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illustration by the author The Town Cryer
by Marcus Del Greco

       How few will ever know besides myself, or even get a peek at, what in Godís great earth went on in that house.  Praise Jesus.  Give us all the strength to love what we cannot understand.
        In the rectory, where I live as envoy minister (which I will explain), I have a picture book of the Ivy League Colleges.  The widow Brunerís house looks exactly like those photographs: as though it could be dragged down to Hell by those vines.  As long as I can remember, though Iíve only been in town for seven years, the Bruner house has been a shrouded hall of learning.  My fascination with the widow began with the sight of this house, and this story is how I learned of the bridge between fantasy and affection.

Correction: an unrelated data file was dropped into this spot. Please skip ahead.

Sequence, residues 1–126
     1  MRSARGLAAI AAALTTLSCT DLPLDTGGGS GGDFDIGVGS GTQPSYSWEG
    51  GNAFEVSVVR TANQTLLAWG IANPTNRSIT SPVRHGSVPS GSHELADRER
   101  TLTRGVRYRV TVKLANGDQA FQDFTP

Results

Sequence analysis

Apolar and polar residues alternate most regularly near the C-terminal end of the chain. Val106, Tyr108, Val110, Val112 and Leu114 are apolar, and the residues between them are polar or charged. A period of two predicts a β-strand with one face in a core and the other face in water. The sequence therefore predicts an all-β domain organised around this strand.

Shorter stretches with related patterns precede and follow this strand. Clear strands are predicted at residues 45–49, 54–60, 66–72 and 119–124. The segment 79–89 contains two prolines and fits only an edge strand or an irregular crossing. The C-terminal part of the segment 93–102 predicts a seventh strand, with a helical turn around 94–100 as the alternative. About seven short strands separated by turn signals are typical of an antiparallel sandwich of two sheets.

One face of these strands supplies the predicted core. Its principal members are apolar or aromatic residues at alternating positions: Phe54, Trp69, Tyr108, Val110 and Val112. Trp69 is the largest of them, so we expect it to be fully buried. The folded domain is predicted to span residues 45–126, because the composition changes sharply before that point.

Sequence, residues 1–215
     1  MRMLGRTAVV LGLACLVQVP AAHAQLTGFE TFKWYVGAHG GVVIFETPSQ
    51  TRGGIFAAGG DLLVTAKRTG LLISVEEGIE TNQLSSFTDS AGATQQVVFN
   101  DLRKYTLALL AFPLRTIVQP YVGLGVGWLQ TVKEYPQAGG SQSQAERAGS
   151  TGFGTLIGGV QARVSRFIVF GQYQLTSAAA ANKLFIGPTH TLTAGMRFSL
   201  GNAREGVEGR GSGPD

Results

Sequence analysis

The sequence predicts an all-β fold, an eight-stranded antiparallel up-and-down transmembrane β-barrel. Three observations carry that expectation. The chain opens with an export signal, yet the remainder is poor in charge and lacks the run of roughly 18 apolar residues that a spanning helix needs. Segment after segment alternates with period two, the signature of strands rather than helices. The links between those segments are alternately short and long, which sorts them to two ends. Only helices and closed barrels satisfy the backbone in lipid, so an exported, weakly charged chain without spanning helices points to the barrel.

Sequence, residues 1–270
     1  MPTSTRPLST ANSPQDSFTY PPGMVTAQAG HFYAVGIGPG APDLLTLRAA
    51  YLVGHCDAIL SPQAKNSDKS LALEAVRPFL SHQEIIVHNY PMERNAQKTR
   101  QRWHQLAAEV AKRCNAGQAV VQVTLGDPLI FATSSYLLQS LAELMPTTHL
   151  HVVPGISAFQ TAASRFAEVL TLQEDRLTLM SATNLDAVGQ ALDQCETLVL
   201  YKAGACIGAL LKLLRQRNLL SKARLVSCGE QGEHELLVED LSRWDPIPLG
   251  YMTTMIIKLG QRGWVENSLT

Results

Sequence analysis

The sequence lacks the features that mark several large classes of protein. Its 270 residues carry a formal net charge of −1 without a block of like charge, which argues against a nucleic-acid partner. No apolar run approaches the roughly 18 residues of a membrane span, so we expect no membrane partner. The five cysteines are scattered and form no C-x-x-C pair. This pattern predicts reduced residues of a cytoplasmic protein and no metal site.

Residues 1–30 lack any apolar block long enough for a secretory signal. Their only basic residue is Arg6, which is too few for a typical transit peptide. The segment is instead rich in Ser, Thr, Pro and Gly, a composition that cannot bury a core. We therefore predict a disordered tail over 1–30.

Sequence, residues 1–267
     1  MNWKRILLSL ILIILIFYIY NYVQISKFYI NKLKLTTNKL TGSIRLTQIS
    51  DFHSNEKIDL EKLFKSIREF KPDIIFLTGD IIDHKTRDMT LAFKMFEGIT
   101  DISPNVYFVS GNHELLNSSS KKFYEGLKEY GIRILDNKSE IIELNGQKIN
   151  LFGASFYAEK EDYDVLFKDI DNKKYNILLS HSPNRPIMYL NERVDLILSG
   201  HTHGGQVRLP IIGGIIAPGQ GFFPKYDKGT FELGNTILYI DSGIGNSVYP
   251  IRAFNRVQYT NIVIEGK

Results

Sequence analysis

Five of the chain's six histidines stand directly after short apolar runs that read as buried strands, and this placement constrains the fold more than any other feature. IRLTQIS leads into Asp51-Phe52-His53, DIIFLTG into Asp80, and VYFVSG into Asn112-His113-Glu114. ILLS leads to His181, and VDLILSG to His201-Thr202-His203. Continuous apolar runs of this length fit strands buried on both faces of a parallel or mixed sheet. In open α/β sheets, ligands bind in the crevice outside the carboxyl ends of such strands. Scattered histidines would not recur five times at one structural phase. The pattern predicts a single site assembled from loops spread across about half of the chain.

Within the house, as everyone in town knew, Mrs. Bruner wrote, laid out, and published her independent bi-monthly The Town Cryer.  This was something of a dark joke to the community, the case being that the old womanís articles on anything from town politics to transcendentalism bordered on such self-pitying drivel that you could actually picture her crying as she wrote.  But the fruit of her literary labors was marked by an undeniable erudition that nearly excused her misery.  Her mansion house was a sad academy.
        I myself am a man of the Spirit, not of the intellect, but I admit a slight fetish for the Ivy League world within my picture book, a world I would have joined had I not decided to become ordained.  Higher learning and Faith can go hand in hand, I am convinced, when science is viewed in the light of Godís many wonders.  What brought me to the mysterious house of Mrs. Bruner, however, was an article of noted intellectual language which assaulted more than the Faith.
        Donít think that Iím the variety of minister who harasses atheists and agnostics out of twisted duty.  In truth I am as committed to the 1st Amendment as I am to the Faith.  As I would be committed to a wife, if I had one.